Consumers like convenience of contactless m-payments, study shows

Consumers like convenience of contactless m-payments, study shows

Consumers like the convenience and ease of making transactions with their mobile phones, according to a new usability study of near field communication (NFC) and contactless payment technology released by Royal Philips Electronics and Visa International.

NFC facilitates secure, short-range communication between electronic devices, such as mobile phones, computers and payments terminals via a wireless connection. Using a NFC-enabled mobile phone, participants in the usability study conducted transactions in several different scenarios.

Visa says consumers found it easy, convenient and fast to make contactless payment using the mobile phone. Users enjoyed downloading content from NFC "smart" posters.

Gaylon Howe, EVP, consumer product platforms, Visa International, says the study demonstrated that consumers react positively to contactless payments with mobile devices.

"The study provides a strong validation for Visa as we continue to drive acceptance for contactless technology, which will be critical for widespread uptake of mobile payments," says Howe.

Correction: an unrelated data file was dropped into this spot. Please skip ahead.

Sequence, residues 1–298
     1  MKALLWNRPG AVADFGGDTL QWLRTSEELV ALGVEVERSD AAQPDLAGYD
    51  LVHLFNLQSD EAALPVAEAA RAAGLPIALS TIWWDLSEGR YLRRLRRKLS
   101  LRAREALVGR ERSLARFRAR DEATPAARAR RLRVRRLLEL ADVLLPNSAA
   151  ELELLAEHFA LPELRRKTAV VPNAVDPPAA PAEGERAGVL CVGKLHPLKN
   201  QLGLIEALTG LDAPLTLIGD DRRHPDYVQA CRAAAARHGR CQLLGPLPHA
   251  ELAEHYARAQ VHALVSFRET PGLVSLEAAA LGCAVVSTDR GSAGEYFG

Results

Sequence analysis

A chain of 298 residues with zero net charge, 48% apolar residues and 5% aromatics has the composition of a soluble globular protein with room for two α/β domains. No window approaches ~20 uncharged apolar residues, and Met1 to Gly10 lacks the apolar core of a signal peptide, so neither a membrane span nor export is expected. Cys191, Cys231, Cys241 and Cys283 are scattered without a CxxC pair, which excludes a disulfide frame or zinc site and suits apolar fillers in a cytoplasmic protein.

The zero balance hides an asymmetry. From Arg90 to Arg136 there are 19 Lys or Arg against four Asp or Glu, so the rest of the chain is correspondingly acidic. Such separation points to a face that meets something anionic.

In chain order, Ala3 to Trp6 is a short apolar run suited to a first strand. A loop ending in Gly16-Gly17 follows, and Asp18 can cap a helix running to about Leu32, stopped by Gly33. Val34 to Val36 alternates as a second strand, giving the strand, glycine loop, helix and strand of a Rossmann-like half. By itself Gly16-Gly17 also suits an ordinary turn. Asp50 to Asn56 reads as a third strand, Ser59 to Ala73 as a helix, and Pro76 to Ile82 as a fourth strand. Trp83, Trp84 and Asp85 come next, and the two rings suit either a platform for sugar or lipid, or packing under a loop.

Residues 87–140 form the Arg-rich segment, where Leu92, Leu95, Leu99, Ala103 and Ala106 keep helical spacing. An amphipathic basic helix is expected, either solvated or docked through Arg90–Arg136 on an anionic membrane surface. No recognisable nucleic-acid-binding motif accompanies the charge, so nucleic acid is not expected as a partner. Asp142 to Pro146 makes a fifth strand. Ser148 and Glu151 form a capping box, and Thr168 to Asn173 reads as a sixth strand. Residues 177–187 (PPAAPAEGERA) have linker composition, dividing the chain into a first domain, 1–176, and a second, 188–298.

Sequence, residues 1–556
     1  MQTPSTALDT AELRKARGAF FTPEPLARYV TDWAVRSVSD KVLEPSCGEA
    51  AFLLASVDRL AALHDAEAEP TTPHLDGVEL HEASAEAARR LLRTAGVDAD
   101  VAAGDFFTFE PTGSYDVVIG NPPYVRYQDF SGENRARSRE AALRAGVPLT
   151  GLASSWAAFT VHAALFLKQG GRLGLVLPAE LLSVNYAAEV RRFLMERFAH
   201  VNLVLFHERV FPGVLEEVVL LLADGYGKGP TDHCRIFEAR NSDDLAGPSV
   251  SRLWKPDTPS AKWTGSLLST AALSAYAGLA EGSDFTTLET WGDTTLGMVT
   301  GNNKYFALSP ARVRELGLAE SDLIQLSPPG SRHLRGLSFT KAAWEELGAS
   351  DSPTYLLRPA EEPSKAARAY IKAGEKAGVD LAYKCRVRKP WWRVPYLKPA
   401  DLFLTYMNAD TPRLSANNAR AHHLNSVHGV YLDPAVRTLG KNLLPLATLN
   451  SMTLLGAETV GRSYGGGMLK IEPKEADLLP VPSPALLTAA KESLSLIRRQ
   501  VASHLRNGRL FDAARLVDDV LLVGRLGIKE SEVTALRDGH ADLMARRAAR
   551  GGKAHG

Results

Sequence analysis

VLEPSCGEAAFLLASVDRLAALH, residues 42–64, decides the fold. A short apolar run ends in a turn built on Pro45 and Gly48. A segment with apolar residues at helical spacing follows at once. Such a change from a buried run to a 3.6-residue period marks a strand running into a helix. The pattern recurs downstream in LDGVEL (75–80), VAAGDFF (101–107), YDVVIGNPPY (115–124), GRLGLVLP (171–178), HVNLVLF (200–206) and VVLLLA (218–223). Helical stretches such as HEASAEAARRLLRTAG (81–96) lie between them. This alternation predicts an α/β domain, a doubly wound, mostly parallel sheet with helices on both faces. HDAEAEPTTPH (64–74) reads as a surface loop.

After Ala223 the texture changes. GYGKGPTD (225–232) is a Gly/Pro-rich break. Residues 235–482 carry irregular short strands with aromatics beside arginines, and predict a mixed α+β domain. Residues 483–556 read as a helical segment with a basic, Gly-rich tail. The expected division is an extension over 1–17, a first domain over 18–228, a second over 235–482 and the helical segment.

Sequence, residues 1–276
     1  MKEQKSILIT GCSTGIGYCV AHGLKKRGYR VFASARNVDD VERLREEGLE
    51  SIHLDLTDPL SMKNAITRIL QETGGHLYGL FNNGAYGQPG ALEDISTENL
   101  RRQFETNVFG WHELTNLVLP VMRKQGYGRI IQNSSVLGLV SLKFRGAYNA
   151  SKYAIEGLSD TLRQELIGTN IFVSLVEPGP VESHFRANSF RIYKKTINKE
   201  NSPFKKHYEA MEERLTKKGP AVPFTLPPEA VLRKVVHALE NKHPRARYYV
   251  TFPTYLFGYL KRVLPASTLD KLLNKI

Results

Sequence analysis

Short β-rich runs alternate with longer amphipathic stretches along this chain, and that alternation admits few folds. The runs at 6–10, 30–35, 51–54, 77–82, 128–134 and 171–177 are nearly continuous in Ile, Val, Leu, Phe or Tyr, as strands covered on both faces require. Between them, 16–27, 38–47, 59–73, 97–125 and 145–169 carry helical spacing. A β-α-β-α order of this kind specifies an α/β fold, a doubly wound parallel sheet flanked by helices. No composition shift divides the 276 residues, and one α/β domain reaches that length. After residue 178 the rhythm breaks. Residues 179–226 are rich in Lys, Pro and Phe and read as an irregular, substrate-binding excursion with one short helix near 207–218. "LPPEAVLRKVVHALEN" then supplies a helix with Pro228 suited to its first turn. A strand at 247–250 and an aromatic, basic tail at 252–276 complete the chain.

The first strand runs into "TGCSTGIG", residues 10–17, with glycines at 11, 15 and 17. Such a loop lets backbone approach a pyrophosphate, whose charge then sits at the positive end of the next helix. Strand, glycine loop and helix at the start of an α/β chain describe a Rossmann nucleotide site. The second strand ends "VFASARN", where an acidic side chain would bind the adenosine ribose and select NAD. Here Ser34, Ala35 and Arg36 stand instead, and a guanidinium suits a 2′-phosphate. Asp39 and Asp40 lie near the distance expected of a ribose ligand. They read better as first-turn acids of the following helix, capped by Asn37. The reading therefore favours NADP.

Visa said in February that it is road-testing its new mobile payments technology on mobile phones in Atlanta's Philips Arena. The NFC trial allows sports fans to use their hand sets to buy goods at concession stands and stores and to access and download mobile content such as ringtones, wallpapers and screensavers by holding their NFC-enabled phone in front of a poster embedded with an NFC tag.

In a separate move MasterCard has teamed with Munich-based Giesecke & Devrient to launch a full-scale over-the-air (OTA) secure personalisation payment system for mobile phone-based payments.

MasterCard says the system, which was developed and managed by G&D can activate its PayPass contactless payment application in the mobile phone securely and eliminates the need to "manually" personalise mobile handsets individually.

Customers wanting to enable PayPass with their phone make a one-time request to their bank to register them for the service. Data is sent over the carrier network and automatically loads and activates the PayPass application in the mobile phone while personalising the phone's built-in "secure area" with the customers' payment account details. The OTA infrastructure can also be used to upload additional applications to the handset, as well as manage and modify user information, says MasterCard.

Pilot projects of the OTA platform are expected to begin shortly, beginning in the US. First implementations of the G&D system will use NFC-enabled Nokia 3220 handsets.

Richard Fletcher, group head, mobile/wireless centre of excellence, MasterCard, says: "MasterCard views mobile phone-based payments as an exciting new channel, as studies confirm that consumers increasingly prefer using mobile phones for many everyday activities."

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